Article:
Indian Accounting Standard (Ind AS) 1 : Presentation of Financial Statements


1. This Standard prescribes the basis for presentation of general purpose financial statements to ensure comparability both with the entitys financial statements of previous periods and with the financial statements of other entities. It sets out overall requirements for the presentation of financial statements, guidelines for their structure and minimum requirements for their content.


2. An entity shall apply this Standard in preparing and presenting general purpose financial statements in accordance with Indian Accounting Standards (Ind ASs).

3. Other Ind ASs set out the recognition, measurement and disclosure requirements for specific transactions and other events.

4. This Standard does not apply to the structure and content of condensed interim financial statements prepared in accordance with Ind AS 34 Interim Financial Reporting. However, paragraphs 1535 apply to such financial statements. This Standard applies equally to all entities, including those that present consolidated financial statements and those that present separate financial statements as defined in Ind AS 27 Consolidated and Separate Financial Statements.

5. This Standard uses terminology that is suitable for profit-oriented entities, including public sector business entities. If entities with not-for-profit activities in the private sector or the public sector apply this Standard, they may need to amend the descriptions used for particular line items in the financial statements and for the financial statements themselves.

6. Similarly, entities whose share capital is not equity may need to adapt the financial statement presentation of members interests.


7. The following terms are used in this Standard with the meanings specified:

General purpose financial statements (referred to as financial statements) are those intended to meet the needs of users who are not in a position to require an entity to prepare reports tailored to their particular information needs.

Impracticable Applying a requirement is impracticable when the entity cannot apply it after making every reasonable effort to do so.

Indian Accounting Standards (Ind ASs) are Standards prescribed under Section 211(3C) of the Companies Act, 1956.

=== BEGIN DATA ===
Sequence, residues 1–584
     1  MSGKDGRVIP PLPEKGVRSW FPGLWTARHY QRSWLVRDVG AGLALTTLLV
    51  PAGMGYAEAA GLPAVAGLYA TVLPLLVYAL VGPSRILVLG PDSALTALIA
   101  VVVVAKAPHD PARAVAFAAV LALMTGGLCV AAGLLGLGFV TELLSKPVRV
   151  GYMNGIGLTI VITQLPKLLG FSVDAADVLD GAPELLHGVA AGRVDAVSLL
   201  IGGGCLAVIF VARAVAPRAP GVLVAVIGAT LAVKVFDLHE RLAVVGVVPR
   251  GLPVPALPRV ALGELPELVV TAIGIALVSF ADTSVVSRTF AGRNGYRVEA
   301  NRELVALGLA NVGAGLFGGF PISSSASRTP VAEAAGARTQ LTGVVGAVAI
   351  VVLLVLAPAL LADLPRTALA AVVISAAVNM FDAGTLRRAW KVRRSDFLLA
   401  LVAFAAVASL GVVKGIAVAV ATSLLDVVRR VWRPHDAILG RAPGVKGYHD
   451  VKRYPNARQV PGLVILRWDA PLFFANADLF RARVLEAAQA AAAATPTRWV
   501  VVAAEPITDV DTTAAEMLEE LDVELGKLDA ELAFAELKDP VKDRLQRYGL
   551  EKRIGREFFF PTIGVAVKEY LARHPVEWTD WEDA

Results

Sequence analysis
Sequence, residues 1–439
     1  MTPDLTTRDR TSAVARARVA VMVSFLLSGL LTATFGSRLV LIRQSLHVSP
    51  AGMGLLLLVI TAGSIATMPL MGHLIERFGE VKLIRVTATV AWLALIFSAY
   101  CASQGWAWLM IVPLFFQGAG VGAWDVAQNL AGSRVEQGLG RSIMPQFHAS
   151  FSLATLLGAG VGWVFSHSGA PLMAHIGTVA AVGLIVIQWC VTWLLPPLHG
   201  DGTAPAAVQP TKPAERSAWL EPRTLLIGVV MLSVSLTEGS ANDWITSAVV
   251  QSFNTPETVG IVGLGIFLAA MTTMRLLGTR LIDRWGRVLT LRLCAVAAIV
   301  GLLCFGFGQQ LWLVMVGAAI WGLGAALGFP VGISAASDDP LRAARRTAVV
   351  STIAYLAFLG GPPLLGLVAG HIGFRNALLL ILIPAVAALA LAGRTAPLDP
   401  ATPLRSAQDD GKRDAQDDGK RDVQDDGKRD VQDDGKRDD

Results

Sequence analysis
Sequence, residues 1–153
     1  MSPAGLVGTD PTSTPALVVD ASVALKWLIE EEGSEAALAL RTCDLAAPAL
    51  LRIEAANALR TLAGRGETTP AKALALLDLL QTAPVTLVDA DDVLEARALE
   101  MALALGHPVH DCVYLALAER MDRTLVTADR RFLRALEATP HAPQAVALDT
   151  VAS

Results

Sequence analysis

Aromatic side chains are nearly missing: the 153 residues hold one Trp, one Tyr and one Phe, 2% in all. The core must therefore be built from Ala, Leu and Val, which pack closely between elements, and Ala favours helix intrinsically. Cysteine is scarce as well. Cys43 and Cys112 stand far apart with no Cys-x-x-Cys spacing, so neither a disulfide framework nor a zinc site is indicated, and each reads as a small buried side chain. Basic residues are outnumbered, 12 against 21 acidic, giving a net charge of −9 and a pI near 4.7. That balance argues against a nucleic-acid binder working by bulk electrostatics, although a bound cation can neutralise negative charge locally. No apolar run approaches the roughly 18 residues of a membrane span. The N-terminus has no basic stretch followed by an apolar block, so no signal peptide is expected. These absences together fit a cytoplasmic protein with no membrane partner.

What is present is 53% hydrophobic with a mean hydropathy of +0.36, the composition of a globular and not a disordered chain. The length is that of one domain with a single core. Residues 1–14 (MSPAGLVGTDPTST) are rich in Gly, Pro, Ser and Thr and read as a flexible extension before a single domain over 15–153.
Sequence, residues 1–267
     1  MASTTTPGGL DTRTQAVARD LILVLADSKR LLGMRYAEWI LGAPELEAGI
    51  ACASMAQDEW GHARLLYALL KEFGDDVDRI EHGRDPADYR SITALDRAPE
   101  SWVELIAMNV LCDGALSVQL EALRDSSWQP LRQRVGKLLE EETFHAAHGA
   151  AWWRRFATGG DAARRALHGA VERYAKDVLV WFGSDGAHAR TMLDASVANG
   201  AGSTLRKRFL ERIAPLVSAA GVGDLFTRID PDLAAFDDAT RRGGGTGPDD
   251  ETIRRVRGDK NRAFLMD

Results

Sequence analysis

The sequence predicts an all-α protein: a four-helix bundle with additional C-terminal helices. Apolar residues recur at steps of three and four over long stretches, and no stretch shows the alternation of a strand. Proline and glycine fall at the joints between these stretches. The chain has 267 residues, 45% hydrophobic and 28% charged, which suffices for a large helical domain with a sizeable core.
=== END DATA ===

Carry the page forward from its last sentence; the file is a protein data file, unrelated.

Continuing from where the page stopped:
Material Omissions or misstatements of items are material if they could, individually or collectively, influence the economic decisions that users make on the basis of the financial statements. Materiality depends on the size and nature of the omission or misstatement judged in the surrounding circumstances. The size or nature of the item, or a combination of both, could be the determining factor.

Assessing whether an omission or misstatement could influence economic decisions of users, and so be material, requires consideration of the characteristics of those users. The Framework for the Preparation and Presentation of Financial Statements issued by the Institute of Chartered Accountants of India states in paragraph 25 that users are assumed to have a reasonable knowledge of business and economic activities and accounting and a willingness to study the information with reasonable diligence. Therefore, the assessment needs to take into account how users with such attributes could reasonably be expected to be influenced in making economic decisions.

Notes contain information in addition to that presented in the balance sheet (including statement of changes in equity which is a part of the balance sheet), statement of profit and loss and statement of cash flows. Notes provide narrative descriptions or disaggregations of items presented in those statements and information about items that do not qualify for recognition in those statements.

Other comprehensive income comprises items of income and expense (including reclassification adjustments) that are not recognised in profit or loss as required or permitted by other Ind ASs.

The components of other comprehensive income include:

(a) changes in revaluation surplus (see Ind AS 16 Property, Plant and Equipment and Ind AS 38) Intangible Assets);

(b) actuarial gains and losses on defined benefit plans recognised in accordance with paragraph 92 and 129A of Ind AS 19 Employee Benefits;

(c) gains and losses arising fro m translating the financial statements of a foreign operation (see Ind AS 21 The Effects of Changes in Foreign Exchange Rates);

(d) gains and losses on remeasuring available-for-sale financial assets (see Ind AS 39 Financial Instruments: Recognition and Measurement);

(e) the effective portion of gains and losses on hedging instruments in a cash flow hedge (see Ind AS 39).

Owners are holders of instruments classified as equity.

Profit or loss is the total of income less expenses, excluding the components of other comprehensive income.

Reclassification adjustments are amounts reclassified to profit or loss in the current period that were recognised in other comprehensive income in the current or previous periods.